2017 will be remembered as a year of comebacks for PlayStation. Alongside the remastering of the original Crash trilogy, WipEout got the HD treatment too. Announced at PSX in December, WipEout Omega Collection includes Wipeout HD, the Wipeout HD Fury expansion, and Wipeout 2048, all of which have been remastered and tweaked for the PlayStation 4. Developed by XDev, Clever Beans, and EPOS Game Studios, the collection seeks to make Wipeout a flagship PlayStation franchise once again. Having never played a game in the series before, I had some high expectations going in due to the legacy that the series had built up since its debut, all of which were met with some of the most exciting high-speed racing I’ve ever played.
For those who are curious, Wipeout is set in a futuristic world where players compete in an anti-gravity racing league. You can choose which ship you want to use across several different tracks set all around the world. There are different speed classes, some of the higher ones requiring a degree of mastery to get really good at. It gets really fast, really quick, and is some of the purest racing fun you can have on PlayStation 4.
There’s no real narrative to be found in any of the Wipeout games in the Omega Collection, but all of them do include some sort of Grand Prix mode with many events to complete. The events in these Grand Prix modes vary, ranging from time trials and standard three lap races to combat. The most exciting and engaging event, however, is Zone, in which you progress through speed classes as you go through different Zones, getting increasingly faster until you finally take a certain amount of damage. The Grand Prix across all games offers a lot of content, and while it’s initially entertaining at first, the slow introduction of new tracks and sometimes minimal variation of events can lead to some repetition.
Even the lowest speed class in Wipeout is considerably faster than your standard racing game, and moving at such high speeds while drifting around corners and hitting boost pads is incredibly exhilarating. As you race, you’ll run into items and power-ups that can be used to gain an advantage over your rival racers, but these items can also be consumed to recover ship energy. It’s quite a small and straightforward system at first, but tossing up between firing off a missile or absorbing it for energy so you can get a barrel roll boost off of the next jump makes for some great split-second decision making.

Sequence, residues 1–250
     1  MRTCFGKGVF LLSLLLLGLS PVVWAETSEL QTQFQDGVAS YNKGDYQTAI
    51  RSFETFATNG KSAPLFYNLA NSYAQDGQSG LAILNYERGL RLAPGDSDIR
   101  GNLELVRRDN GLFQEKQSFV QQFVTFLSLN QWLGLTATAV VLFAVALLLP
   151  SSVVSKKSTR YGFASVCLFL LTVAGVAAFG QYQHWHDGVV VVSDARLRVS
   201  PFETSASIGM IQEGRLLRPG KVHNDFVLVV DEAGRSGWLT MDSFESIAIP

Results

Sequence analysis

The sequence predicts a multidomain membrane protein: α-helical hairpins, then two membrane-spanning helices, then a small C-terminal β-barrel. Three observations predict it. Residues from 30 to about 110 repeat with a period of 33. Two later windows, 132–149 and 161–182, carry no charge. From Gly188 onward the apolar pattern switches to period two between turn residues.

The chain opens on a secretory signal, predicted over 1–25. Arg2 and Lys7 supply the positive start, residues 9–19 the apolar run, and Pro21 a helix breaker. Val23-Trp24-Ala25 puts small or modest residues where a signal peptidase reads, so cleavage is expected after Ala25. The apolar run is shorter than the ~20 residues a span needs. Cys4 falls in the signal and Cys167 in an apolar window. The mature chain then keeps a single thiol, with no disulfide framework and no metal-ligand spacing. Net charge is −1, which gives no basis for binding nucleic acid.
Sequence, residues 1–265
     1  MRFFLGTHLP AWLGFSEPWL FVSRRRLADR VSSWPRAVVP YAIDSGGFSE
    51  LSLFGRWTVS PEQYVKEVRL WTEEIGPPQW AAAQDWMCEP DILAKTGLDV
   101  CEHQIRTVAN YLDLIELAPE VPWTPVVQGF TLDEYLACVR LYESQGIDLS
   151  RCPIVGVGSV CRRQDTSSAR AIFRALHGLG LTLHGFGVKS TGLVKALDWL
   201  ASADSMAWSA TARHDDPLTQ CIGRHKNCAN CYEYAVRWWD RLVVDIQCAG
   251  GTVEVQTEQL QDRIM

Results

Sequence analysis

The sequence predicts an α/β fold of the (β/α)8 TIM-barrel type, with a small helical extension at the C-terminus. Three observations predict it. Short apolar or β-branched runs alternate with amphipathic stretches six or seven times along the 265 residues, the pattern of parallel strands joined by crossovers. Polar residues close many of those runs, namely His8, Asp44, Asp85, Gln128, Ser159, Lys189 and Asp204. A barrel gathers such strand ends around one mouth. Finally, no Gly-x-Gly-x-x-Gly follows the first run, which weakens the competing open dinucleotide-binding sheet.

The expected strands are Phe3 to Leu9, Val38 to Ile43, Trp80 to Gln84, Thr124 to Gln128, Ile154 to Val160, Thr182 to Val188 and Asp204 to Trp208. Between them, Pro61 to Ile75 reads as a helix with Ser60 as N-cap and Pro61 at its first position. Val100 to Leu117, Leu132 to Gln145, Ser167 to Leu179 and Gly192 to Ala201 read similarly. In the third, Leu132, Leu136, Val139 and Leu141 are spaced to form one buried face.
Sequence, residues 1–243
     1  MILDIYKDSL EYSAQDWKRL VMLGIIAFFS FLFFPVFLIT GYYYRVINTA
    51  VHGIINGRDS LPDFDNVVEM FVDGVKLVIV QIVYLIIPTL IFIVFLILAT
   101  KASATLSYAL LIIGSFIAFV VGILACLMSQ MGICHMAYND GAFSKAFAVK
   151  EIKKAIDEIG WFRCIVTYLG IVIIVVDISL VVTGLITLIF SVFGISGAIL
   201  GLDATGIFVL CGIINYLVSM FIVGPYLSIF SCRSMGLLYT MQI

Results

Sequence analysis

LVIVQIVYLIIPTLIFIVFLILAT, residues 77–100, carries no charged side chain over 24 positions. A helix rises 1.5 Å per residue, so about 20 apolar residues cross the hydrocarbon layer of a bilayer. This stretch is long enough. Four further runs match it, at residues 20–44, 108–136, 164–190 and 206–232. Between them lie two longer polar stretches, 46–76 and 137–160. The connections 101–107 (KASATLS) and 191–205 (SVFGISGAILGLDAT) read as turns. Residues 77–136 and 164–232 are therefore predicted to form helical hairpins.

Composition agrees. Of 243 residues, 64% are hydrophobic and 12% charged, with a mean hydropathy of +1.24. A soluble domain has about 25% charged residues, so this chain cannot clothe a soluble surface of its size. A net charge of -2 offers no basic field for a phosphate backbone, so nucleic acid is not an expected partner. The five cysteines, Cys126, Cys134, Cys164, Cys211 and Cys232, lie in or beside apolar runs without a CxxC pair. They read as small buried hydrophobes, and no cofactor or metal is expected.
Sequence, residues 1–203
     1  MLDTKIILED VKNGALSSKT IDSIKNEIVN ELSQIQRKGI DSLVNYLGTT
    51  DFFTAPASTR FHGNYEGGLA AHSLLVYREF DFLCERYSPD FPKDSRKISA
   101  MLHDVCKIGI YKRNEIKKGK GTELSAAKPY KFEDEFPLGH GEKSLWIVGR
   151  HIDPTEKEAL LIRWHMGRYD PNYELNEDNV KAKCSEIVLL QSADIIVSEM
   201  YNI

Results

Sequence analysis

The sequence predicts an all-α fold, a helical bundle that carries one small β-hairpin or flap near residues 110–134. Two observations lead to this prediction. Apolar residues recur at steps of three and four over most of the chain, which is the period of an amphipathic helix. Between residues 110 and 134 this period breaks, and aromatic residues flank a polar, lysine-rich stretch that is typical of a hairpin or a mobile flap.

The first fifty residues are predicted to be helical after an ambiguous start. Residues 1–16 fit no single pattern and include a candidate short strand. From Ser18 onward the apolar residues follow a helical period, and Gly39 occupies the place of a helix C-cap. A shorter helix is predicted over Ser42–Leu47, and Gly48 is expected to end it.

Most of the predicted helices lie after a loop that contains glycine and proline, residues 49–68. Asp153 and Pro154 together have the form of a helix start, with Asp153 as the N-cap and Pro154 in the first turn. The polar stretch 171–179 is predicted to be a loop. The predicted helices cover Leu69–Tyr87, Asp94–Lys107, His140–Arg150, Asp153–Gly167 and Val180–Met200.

The tracks are incredibly well designed, with shortcuts to be found and small tricks to be learnt and picked up on as you play. There are a few standouts such as Sol 2 and Anulpha Pass, and you get best of all three games in one neat package. Every game mode is at the very least enjoyable, but some are definitely more entertaining than others; it all comes down to personal preference. Each ship has different stats, and they all excel in different areas. Some are better at combat while others handle better and move faster. What ship you choose for each race or event is key to how you perform, and you will undoubtedly grow attached to two or three different ones you’ll consistently jump to.
Wipeout HD and Wipeout 2048 both have their own unique feel and small tweaks which make them feel different from one another. I did find, however, that the track design in Wipeout HD and its expansion Wipeout Fury has a superior level design to 2048’s. I found them to be more innovative, refined, and unique overall, but 2048’s are certainly still enjoyable.
If you manage to complete all the Grand Prix modes with gold medals and are still looking to do more, then the Racebox mode is for you. You choose which Wipeout to play, what game mode you want, and which track you want to race on, all in single-player or split-screen against AI. It’s an excellent little inclusion in this already huge package, and the ability to mix and match tracks and modes is a good idea.
If you get tired of playing against AI, all 3 of the experiences included in the Omega Collection have online functionality where you can race against other players. You can create and join lobbies, host tournaments, or just mess around with your friends by experimenting with game modes and maps. Based off of my experience, the connections were very stable, and it didn’t take me long to jump into a room and start playing with no hassle whatsoever.
The biggest addition to the games included in the Omega Collection is the upgrade to 4K and a consistent 60 frames per second on the PlayStation 4 Pro. All three games look absolutely incredible, and although you’re moving at Mach 1.5 most of the time, it’s hard not to gawk at the details and gorgeous art style to be found here. It’s a testament to what the PS4 Pro is capable of when developers know how to properly utilise it, and Wipeout currently stands as one of the best looking games on the console, if not the best.
One thing Wipeout has always been well known for are the fantastic soundtracks found in each game, and the Omega Collection is no different. With a mix of new and classic tracks including dubstep, techno, and electro-dance, they never fail to get you pumped and into the experience. They make the game so much more enjoyable, and every single one is incredibly infectious, making it hard not to hum along.
WipEout Omega Collection is an excellent starting point for newcomers to the franchise that also caters for longtime series fans at the same time. The wealth of content to be found in this package, coupled with the excellently handled racing, soundtrack, and presentation leave Wipeout standing as another flagship PlayStation franchise, even if it can get a bit repetitive. There is some serious fun and enjoyment to be had with this collection, regardless of whether or not you’re a fan of Wipeout or racing games in general.